During Cromwell's Puritan reign, public theatre was banned, so with the return of the monarchy came the return of dramatic performance. Audiences during this time sought uplifting moral messages after years of divisive civil wars, finding comfort in powerful heroes with stories that enshrined strong, exalted ideals. Nobility, honour and courage had long been associated with royalty, helping to rouse support through public celebration of the newly restored King.

    Heroic drama: examples

    Examples of heroic dramas include John Dryden's The Conquest of Granada, The Indian Emperour, and The Black Prince.

    John Dryden's heroic dramas

    John Dryden was a dominant literary figure during the Restoration, writing celebrated pieces of drama, poetry and prose. His influence cannot be understated, marking his works as some of the most significant in English literature.

    Of course, he was the pioneer of the heroic drama, with plays like The Indian Emperour (1665) and The Conquest of Granada (1672) serving to define and establish the genre.

    The Indian Emperour

    John Dryden's The Indian Emperour was a notable work for the genre, cementing the heroic drama on the Restoration stage, even before the term was coined.

    It was first performed during the Spring of 1665 with lavish costumes, set pieces and a star cast with leading actors of the period.

    Its full title was The Indian Emperour, or the Conquest of Mexico by the Spaniards, being the Sequel of The Indian Queen. As this might suggest, the story follows the Spanish conquest of the Aztec Empire during the early 16th century.

    Primary characters included the conquistador Hérnan Cortés, who led the expedition, and Montezuma, the Emperor of the Aztec Empire.

    The Conquest of Granada

    Dryden's 1672 play, titled The Conquest of Granada, was originally performed in two parts, the first in 1670 and the second in 1671. It was then published in 1672.

    In the preface to the play, Dryden coins the term 'heroic drama', proposing his theories and rules for his new genre.

    The Conquest of Granada concerns the Battle of Granada, and its subsequent fall, ending the almost decade-long Granada War (1482-1491) between the Moors and the Spanish. Its lead characters were the hero, Almanzor and his love, Almahide.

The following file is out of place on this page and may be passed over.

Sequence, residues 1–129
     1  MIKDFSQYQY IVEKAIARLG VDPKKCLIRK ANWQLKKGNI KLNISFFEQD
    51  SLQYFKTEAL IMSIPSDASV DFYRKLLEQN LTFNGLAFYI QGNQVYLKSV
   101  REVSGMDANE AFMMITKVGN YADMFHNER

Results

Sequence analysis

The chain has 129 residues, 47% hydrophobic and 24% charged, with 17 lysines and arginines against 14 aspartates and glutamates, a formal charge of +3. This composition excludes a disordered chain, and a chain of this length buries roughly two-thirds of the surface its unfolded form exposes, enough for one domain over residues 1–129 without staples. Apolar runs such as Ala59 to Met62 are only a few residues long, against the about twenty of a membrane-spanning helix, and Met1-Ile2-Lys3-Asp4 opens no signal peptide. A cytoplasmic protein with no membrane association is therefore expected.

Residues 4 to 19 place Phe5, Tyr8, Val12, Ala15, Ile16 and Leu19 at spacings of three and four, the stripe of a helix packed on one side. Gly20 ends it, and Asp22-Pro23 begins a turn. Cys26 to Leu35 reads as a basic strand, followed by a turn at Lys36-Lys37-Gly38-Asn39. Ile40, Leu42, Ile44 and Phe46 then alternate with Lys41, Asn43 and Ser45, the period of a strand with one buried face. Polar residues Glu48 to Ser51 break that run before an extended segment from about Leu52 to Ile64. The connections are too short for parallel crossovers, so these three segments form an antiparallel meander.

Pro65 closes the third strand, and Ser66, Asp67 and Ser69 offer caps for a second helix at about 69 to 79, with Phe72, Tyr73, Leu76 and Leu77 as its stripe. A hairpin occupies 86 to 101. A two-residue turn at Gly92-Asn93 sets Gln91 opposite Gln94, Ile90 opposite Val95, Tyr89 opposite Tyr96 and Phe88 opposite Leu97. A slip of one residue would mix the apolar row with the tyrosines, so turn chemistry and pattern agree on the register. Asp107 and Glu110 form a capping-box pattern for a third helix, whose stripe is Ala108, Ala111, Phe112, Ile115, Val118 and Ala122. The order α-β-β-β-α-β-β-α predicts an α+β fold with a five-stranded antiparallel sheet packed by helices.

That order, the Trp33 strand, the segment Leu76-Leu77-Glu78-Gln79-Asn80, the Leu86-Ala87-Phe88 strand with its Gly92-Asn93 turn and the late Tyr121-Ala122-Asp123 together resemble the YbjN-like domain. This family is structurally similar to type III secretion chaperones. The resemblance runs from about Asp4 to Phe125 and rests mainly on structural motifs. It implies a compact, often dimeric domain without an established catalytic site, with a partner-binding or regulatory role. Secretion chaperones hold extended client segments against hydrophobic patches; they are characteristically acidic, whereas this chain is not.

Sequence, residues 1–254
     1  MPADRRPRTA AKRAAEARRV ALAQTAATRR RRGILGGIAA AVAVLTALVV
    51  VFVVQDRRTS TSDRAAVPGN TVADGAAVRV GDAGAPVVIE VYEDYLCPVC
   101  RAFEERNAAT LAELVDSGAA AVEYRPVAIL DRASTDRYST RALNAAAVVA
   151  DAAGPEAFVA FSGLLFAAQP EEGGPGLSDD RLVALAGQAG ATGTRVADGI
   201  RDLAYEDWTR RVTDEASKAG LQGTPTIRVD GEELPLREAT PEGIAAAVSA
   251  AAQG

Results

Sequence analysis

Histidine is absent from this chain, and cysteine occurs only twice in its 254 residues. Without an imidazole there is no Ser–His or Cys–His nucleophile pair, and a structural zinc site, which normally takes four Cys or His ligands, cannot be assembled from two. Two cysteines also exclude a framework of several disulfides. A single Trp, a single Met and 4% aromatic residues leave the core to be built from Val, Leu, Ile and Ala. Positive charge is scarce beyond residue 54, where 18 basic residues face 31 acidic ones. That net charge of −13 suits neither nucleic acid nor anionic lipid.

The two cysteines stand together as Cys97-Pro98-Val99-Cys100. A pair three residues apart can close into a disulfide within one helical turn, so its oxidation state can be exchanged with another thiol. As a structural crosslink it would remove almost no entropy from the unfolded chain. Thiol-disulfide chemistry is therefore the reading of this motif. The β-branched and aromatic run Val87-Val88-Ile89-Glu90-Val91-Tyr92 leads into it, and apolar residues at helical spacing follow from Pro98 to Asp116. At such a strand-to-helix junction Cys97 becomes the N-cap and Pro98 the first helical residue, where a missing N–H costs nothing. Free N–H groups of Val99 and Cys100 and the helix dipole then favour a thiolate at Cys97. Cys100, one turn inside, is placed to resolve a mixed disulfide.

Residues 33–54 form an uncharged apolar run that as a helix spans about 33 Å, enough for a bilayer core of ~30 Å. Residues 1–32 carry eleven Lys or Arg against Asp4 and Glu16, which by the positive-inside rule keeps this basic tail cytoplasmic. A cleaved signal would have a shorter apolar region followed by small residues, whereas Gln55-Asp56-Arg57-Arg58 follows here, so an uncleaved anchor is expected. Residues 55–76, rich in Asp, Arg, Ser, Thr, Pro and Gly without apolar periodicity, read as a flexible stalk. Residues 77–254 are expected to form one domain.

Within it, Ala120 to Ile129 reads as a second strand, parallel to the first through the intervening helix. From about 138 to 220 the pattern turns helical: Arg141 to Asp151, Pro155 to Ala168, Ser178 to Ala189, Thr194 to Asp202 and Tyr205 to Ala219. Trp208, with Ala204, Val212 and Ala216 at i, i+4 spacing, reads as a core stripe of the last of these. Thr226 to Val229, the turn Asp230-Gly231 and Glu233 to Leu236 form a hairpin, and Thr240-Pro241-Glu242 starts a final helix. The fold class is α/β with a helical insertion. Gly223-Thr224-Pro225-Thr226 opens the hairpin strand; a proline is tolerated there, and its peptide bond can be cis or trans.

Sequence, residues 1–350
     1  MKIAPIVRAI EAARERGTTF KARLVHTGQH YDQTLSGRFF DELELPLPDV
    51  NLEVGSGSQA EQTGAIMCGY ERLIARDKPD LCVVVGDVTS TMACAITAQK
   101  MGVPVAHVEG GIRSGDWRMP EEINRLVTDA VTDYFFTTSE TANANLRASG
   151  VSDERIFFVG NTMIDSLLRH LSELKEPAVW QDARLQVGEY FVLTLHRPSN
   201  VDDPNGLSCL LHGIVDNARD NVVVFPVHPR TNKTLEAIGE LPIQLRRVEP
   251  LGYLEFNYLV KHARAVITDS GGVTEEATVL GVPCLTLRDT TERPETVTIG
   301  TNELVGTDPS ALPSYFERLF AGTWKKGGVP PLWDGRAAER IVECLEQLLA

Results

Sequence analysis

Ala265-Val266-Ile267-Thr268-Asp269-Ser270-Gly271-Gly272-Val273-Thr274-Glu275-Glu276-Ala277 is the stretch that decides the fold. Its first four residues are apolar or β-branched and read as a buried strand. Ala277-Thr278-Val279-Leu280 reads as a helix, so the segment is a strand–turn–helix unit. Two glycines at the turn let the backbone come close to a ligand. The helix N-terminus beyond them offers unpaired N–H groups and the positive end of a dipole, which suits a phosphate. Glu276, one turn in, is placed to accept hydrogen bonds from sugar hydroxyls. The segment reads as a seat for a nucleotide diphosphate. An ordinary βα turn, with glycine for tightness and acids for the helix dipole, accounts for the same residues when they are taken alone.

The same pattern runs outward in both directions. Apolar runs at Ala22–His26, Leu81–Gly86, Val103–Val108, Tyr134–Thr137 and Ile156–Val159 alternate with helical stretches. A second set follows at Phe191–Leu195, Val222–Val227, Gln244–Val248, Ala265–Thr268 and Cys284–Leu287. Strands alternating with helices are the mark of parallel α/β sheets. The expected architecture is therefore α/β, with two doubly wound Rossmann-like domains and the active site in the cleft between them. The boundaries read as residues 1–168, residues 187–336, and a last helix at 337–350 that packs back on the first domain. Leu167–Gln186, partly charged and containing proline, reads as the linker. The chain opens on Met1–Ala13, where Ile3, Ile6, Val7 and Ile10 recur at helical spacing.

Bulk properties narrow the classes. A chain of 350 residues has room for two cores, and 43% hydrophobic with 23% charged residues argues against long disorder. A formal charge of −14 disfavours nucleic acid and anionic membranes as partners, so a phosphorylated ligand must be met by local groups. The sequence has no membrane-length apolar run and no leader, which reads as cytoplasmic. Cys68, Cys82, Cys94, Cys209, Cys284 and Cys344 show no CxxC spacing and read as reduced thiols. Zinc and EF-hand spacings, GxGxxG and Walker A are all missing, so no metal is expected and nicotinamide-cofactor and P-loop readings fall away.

The play reached exceptional levels of fame and success. However, for critics, it came to reveal flaws in Dryden's neoclassical heroic genre.

    Detractors noted its convoluted plot and ostentatious, bombastic language, ridiculing the superficiality and self-importance of its blundering military heroes in stories that seemed to lack moral depth and nuance.

    The philosophy of the heroic drama, as laid out in the Preface to The Conquest of Granada, was even more contentious. Dryden's insistence on the need to remember 'pure drama' seemed to some pretentious and elitist, denigrating contemporary theatre as inferior and unimportant. In reaction, various writers satirised Dryden and his new genre.

    In one famous example, the play The Rehearsal (1761), written by George Villiers, 2nd Duke of Buckingham, pointedly mocks Dryden's self-importance through its main character, Bayes, a hubristic playwright who laboriously lectures his actors about the importance of the play they are putting on.

    The Black Prince

    Another important example of a heroic drama was The Black Prince (1667), written by Roger Boyle, 1st Earl of Orrery.

    The story chronicles the life of Edward, the eponymous Black Prince, the eldest son of King Edward III. It particularly focuses on the Battle of Poitiers (1356), at which the Prince leads his forces to victory, defeating and capturing the French King John II.

    The play premiered at the Theatre Royal on Drury Lane, with King Charles II in attendance, as well as other members of the royal court. It was received with great esteem and was lauded by other members of the aristocracy.

    Heroic Drama - Key takeaways

    • Heroic drama was a genre of play popularised in the 1660s which told stories of epic grandeur.
    • Heroic dramas were written exclusively using heroic couplets.
    • Other important characteristics of heroic dramas include a noble hero and themes of love, honour and courage.
    • John Dryden coined the term in 1670.
    • Examples of the heroic drama include: Dryden's The Indian Emperour (1665) and Boyle's The Black Prince (1667).
    Frequently Asked Questions about Heroic Drama

    What is the purpose of heroic tragedy?

    Heroic tragedy creates a powerful emotional response in audiences as they witness a noble hero experience heartbreaking tragedy on a grand scale.

    What are the features of heroic drama?

    The key features of heroic drama include the heroic verse form, epic stories and a noble hero.

    What is the difference between heroic drama and domestic drama?

    Heroic dramas involve larger than life stories and figures, operating on an epic scale. Domestic tragedies, however, follow ordinary characters from the middle or lower classes that have commonplace struggles and experiences.

    What is meant by heroic drama?

    The heroic drama is a dramatic genre that involved epic stories of grandeur.

    What is an example of heroic drama?

    John Dryden's The Indian Emperour (1665) is an example of heroic drama.